Ballot Time

Deadline nears on a lively Measure 28

The clock is ticking on ballots for the Jan. 28 mail-in Special Election.

Voters who have not turned in their ballots should remember that for ballots to count, the Hood River County Elections Division must have them by 8 p.m. Tuesday.

Measure 28, the three-year income tax surcharge, is the only question on the ballot.

The Hood River County tally is ahead of schedule, reflecting the state-wide trend, according to county elections supervisor Lee Shissler. He said that in the first four days after ballots went out, his office received ballots at the rate of 190, 836, 1,017, and 644. That’s a total of 2,771.

An average rate of 687 ballots per day would equate to a total turnout of 7,307, which is 70 percent of the 10,438 registered voters in the county. Shissler predicted a total turnout of between 60-65 percent, “if it continues this way and got the typical last-minute rush on the last couple days.”

Either way, and whatever the outcome of Measure 28, the numbers show that a public issue that many had written off as dead in the water has actually got some paddle to it.

As Shissler pointed out, “It looks like a pretty good turnout for this election. Most people had predicted low turnout and certain defeat, but some of the polls have the election pretty close.”

Measure 28 is a question that matters. To have your voice count in this close race, ballots must be turned in — postmarks don’t count — to the County Courthouse or to Cascade Locks City Hall drop site by 8 p.m. Tuesday.

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Parkdale third graders sing "12 Disaster Days of Christmas"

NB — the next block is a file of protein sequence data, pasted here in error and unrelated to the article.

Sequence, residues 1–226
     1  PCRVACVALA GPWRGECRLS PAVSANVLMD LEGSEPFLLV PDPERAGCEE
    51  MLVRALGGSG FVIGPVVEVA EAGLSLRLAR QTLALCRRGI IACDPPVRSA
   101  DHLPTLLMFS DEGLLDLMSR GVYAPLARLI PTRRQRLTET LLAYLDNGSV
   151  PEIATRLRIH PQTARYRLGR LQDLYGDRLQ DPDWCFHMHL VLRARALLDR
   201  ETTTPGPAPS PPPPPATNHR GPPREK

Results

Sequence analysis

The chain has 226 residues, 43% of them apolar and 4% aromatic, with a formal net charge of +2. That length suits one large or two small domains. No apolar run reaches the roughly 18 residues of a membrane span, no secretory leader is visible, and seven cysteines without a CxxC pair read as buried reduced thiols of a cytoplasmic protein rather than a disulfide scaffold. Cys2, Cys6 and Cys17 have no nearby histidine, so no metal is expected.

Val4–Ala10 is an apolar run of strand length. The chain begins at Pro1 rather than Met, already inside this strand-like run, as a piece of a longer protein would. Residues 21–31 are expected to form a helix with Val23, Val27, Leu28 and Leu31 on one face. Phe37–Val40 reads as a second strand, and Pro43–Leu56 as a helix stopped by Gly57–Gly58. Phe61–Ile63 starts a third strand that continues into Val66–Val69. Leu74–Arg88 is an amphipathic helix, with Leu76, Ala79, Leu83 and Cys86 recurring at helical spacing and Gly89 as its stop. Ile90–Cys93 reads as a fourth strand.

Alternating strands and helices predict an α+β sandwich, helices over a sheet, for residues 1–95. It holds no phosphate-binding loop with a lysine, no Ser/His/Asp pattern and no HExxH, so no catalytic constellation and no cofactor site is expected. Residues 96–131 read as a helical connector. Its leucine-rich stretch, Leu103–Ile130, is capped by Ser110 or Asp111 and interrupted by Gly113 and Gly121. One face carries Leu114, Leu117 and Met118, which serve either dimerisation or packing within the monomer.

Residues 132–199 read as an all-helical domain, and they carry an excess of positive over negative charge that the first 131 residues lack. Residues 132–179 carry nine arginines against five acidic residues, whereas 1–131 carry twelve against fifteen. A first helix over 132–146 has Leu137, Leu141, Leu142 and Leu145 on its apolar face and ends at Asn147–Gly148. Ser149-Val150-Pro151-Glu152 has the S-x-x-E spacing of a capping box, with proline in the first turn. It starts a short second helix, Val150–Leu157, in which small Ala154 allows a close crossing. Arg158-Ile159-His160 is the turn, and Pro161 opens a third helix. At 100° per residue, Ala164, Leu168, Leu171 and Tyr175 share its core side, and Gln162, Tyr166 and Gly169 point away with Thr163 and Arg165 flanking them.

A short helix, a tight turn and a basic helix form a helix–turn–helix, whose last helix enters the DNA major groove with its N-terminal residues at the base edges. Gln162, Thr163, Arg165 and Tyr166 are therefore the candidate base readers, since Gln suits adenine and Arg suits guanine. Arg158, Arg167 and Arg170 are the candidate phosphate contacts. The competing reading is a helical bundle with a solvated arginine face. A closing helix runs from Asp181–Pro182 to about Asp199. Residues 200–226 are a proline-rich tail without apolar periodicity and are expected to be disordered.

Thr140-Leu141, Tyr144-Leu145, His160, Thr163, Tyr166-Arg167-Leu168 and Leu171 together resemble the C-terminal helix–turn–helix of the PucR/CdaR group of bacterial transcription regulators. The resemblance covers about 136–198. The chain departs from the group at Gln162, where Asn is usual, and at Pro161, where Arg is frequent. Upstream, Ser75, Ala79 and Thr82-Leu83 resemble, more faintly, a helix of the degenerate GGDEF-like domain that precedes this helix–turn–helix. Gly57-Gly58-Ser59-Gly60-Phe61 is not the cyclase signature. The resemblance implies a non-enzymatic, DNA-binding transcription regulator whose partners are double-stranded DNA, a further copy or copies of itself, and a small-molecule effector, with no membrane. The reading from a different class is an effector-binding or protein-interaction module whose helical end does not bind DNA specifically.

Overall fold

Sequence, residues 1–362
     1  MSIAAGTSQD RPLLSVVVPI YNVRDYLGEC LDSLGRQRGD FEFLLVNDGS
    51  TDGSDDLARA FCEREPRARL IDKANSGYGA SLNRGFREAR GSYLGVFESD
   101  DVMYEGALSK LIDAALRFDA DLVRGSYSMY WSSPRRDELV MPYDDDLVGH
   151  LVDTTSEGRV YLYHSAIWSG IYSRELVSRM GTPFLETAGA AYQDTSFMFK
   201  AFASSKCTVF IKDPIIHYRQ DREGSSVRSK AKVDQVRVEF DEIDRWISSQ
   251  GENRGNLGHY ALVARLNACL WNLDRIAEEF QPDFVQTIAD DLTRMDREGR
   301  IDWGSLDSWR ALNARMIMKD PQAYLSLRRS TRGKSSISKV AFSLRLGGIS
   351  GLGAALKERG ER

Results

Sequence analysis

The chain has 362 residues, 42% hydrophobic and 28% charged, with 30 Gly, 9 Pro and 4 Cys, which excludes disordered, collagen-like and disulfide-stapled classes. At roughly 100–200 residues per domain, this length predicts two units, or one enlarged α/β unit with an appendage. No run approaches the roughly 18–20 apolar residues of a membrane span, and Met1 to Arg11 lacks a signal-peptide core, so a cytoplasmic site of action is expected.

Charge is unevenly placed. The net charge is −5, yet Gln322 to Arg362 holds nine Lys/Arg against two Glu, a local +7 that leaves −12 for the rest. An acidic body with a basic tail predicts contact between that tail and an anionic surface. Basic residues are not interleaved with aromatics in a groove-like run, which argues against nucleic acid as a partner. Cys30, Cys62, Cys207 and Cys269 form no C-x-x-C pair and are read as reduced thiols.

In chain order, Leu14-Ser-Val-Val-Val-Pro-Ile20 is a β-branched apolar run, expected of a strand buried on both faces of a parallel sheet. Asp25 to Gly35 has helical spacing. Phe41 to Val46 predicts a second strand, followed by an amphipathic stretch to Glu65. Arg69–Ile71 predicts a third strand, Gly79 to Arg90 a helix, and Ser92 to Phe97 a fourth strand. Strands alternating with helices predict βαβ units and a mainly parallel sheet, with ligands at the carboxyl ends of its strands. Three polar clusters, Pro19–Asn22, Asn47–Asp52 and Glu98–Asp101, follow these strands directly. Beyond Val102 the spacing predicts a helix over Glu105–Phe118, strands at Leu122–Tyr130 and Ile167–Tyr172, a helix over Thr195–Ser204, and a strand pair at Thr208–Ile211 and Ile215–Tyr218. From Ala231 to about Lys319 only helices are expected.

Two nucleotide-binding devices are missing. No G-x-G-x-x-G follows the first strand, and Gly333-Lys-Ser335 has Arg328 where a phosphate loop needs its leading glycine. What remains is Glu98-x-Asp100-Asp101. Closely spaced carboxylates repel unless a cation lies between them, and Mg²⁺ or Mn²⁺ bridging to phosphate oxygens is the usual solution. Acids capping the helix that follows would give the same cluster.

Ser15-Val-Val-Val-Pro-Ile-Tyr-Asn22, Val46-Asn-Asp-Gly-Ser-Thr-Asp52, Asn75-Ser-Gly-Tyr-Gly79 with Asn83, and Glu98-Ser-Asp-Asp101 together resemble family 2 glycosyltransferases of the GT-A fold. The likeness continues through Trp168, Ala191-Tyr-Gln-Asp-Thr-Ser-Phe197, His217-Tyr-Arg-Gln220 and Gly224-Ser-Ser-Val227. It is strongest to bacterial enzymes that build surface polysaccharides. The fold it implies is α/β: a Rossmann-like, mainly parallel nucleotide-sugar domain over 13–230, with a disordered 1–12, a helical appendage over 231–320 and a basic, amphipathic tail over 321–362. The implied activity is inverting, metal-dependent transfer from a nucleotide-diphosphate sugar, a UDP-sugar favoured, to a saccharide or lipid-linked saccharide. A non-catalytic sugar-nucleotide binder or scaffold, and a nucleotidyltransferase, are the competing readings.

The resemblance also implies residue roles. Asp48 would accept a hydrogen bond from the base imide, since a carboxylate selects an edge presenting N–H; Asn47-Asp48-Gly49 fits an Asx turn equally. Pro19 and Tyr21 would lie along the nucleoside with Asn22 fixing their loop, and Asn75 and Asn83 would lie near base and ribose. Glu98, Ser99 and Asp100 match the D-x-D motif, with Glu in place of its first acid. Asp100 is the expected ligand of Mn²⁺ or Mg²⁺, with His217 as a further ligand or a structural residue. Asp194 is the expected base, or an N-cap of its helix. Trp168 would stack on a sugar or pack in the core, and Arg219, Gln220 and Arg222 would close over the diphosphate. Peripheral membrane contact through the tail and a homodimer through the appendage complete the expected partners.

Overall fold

Welcome to your sing-able Christmas gift list. What follows is an emergency rendition of “12 Days of Christmas” – for outfitting your home or car in case of snow storm, earthquake, flood or other emergency. Read it as a simple list, or sing it to the tune of “12 Days” – you know, as in “ … and a partridge in a pear tree…” Not to make light of it, but the song is a familiar framework for a set of gift ideas that you could consider gathering together, even if the recipient already owns items such as a bunch of coats, tire chains and flashlights. Stores throughout the Gorge are stocked up on all these items. Buying all 12 days might be prohibitive, but here are three ideas for checking any of the dozen off your list (notations follow, 1-12.) The gift items needed to stay warm, dry and safe are also coded to suggest items in your abode (A) in your car (C) or both (B). 12 Gallons of Water (A) 11 Family meals (B) 10 Cans of propane (A) 9 Hygiene bags (B) 8 Packs of batteries (A) 7 Spare coats (B) 6 Bright red flares (C) 5 Cozy blankets (B) 4 Tire chains (C) 3 Flashlights (B) 2 cell phone chargers (B) 1 And a crush-proof first aid kit (B) Price ranges? Here’s a few quotes for days Three, Two, Four and Nine: n A family gift of flashlights (three will run $15-30, Hood River Supply, Tum-A-Lum) n Cell phone chargers (two will run $30-60) n Tire chains (basic set, $30, Les Schwab, returnable if unused for the winter) n Family meals ($100 or so should cover the basics for three or four reasonably well-fed days) n The home kit should be kept in a handy place near an exit, and remember that water needs to be replenished every few months. If you have a solid first aid kit already, switch out the gift idea with “and-a-sto-o-u-t- tub-for it-all …” Otherwise, it’s a case of assembling your home or car kits and making sure all members of the family know what the resources are and how to use them (ie flares and propane). Emergency situations are at worst life-threatening, at best deeply uncomfortable if you and your family are left without power for an extended period, or traveling and find yourself in a situation where you need to wait out a storm, lengthy traffic delay, or other crisis. Notes on the 12 gift ideas: 12 – Gallons of water: that’s one per person in a four-member family to last for three days, the recommended minimum to be prepared for utility outages. 11 – Easy-open packaged goods, energy bars, dried food and nuts are good things to include for nutrition. Think of what your family of four needs for three days to stay fortified and hydrated (see number 12). Can-opener also recommended 10 – If you have a propane camping stove, keep extra fuel handy. 9 – Hygiene bags: put packaged moistened towelettes, toilet paper, and plastic ties in large garbage bags (for personal sanitation) Resource list courtesy of Hood River County Emergency Management, Barbara Ayers, manager/ 541-386-1213. The county also reminds residents to Get a Kit, Make A Plan to connect your family if separated, and Stay Informed. See to opt-in for citizen alerts. Enlarge

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